Rattlesnakes Rattle Before They Strike
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Rattlesnakes always rattle as a warning before they strike.

Don’t Believe That!

There are 36 species of rattlesnakes, all native to the Americas, ranging from one to eight feet in length. The most easily identifiable characteristic of a rattlesnake is of course, the “rattle” found at the end of its tail.

The rattle is basically made of dead skin – the snake gains one “segment” every time they shed their skin. You cannot tell a rattlesnake’s age by counting the number of segments in their rattle, as some believe, since the amount of time between skin-sheddings varies and is often less than a year. Also, parts of the rattle may break off as the snake travels over rocky terrain.

It is believed that a rattlesnake’s rattle evolved to warn predators. When the snake senses vibrations from an animal nearby, it contracts the muscles in its tail to create the sound. This helps both the snake (doesn’t get stepped on) and the predator (doesn’t get bitten).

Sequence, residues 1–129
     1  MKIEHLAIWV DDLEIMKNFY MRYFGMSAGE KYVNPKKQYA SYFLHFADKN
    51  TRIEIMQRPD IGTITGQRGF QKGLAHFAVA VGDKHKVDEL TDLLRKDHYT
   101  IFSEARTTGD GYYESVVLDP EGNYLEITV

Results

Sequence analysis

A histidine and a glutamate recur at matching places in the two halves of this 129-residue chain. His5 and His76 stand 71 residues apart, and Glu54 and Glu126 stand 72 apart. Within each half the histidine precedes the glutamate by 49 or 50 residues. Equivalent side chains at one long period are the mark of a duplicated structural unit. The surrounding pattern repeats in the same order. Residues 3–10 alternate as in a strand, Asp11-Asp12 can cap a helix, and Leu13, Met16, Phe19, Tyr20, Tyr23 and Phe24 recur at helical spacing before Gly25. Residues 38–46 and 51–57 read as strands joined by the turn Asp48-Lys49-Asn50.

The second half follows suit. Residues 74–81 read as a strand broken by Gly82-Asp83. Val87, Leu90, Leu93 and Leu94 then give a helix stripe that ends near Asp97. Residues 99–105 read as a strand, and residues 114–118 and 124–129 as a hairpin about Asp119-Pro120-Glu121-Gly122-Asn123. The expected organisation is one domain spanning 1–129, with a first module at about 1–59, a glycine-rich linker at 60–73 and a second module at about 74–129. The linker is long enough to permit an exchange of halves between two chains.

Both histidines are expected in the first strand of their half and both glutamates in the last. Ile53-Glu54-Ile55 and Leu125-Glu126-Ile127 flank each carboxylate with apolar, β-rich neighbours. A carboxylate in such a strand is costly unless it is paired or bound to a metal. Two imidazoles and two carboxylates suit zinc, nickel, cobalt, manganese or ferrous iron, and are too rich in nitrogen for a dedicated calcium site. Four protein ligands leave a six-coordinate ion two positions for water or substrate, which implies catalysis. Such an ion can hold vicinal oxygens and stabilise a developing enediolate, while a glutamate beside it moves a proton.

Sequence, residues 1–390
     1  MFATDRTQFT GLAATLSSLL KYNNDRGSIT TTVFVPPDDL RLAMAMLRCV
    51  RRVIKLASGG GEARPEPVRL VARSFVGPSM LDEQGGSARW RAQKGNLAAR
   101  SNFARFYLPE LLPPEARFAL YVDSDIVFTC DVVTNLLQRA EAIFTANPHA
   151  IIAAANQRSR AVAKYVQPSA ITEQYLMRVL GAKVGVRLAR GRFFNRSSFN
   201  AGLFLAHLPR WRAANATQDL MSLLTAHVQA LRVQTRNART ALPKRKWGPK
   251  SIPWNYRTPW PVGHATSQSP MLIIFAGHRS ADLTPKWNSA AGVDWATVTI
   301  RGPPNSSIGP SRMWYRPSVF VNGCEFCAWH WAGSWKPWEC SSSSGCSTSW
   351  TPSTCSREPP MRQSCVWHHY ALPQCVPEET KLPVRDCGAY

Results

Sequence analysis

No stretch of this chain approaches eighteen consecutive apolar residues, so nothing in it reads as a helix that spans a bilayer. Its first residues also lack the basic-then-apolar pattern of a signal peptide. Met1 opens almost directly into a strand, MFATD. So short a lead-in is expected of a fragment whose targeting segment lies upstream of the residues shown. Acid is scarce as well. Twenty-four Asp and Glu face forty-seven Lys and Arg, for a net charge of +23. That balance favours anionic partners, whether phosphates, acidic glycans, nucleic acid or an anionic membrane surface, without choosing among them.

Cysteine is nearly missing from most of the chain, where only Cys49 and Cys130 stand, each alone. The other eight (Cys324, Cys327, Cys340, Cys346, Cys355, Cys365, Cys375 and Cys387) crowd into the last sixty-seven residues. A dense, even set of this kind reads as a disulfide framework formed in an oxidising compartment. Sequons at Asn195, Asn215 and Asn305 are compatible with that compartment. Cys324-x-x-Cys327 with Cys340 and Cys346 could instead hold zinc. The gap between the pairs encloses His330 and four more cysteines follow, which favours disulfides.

So, the purpose of the rattle is to warn that the snake is nearby, not to warn that it is about to strike. A human being, especially a child, may not weigh enough to allow the snake to sense the vibrations of approaching footsteps (rattlesnakes cannot hear). Therefore, it may strike with no warning if startled. As mentioned above, the rattlesnake may not even have a rattle as it could have broken off; also, young rattlesnakes, whose venom is just as dangerous as adults, may have not yet developed a rattle.

Bonus Fact: The rattlesnake’s tail muscles can fire 50 times per second, for up to three hours!

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